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Theater Media (Not Quite A) Roundup: New Leaf Theatre’s Touch

January 06, 2009 By: Nick Keenan Category: projects, Uncategorized

Okay, so I’m recusing myself from this one. But I’d love to know what you think of Very Clever Productions’ work for New Leaf’s production of Touch – opening tomorrow. What does it tell you? Does it grab you? Does it seem true to the play and the theatrical experience?

I think it’s nice to put your money where your mouth is from time to time, and see what comes out – and see what comes back. We were able to learn a little bit from the video / theater crossovers that we’ve seen so far, and I think as far as process we could also use the practice in collaborating with a cinematographer to achieve something that represents theatricality honestly in a cinematic format.

So what do you think?

And yes – as The Examiner noted today, that’s the face and voice of Dan Granata, my cohort in creating the CTDB. Break a leg, Dan.

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11 Comments to “Theater Media (Not Quite A) Roundup: New Leaf Theatre’s Touch”


  1. Nick,

    I think it’s really good. I think the production values are probably the best I’ve seen for a theatre promo. And the performance in it is good and isn’t so broad as to be inappropriate for THIS medium.

    That said:
    It’s too long for my internet ADD.

    I really want (more of) an establishing shot on a stage (the opening shot looks like an abstraction of the space theme). Something that lets me know right off the bat that it’s a theatre production and not simply a short film.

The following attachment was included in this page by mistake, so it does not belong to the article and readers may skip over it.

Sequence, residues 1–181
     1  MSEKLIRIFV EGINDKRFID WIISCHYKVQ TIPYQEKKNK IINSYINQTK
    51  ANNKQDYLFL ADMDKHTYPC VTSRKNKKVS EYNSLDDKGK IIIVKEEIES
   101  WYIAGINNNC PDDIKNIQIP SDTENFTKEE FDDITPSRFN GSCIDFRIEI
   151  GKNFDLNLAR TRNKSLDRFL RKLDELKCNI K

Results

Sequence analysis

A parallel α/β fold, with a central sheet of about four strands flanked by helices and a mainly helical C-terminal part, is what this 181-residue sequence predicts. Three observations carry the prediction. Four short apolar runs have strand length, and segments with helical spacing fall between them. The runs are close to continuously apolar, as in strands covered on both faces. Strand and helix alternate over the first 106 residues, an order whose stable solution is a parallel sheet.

I would invert the sex stuff and the interrogation stuff so it builds to the “banging and banging” and drops to “we met in my physics class”… but that’s personal preference.

    Honestly, if that’s my level of criticism I’m really nitpicking.

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  2. Nick Ward says:

    I saw this a few hours ago, via the facebook, and it made me want to see the play immediately. It made me think you guys are taking a big ol’ swing for the fences. Here’s hoping you’ll hit a grand slam.

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  3. Lovely work, and though I don’t know the play and can’t comment on whether it is ‘true’ to the play, what does grab me is interest in what the character is speaking of, how he does it … so I am interested in knowing more. This could translate into my buying a ticket, although given my current location I won’t be doing that! So as a marketing device, good work. The NT of Great Britain have been using ‘trailers’ like this for a while now. You can grab them on YouTube.

    Is it true to the theatrical experience? Generally, no. This is film although the multiple (though mediated by the camera) perspectives of the character reflect how an audience ‘sees’.

    As to collaborating with cinematographers in creating ‘fusion’ live performance/video etc., this is such an exciting arena for creativity. Best of luck in your experimentation, and if you’re interested, check out the ‘cinematic theatre’ work being done by Markwell Presents (Australia) http://www.markwellpresents.com

    And good luck with the show … break a leg!